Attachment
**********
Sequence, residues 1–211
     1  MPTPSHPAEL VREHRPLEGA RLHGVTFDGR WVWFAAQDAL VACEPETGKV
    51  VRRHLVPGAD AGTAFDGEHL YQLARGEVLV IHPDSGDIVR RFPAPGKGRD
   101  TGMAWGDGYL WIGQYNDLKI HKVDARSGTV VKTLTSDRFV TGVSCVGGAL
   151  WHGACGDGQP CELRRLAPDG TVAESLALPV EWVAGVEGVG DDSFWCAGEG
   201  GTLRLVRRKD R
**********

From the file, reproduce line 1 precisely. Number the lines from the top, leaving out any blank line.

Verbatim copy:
Sequence, residues 1–211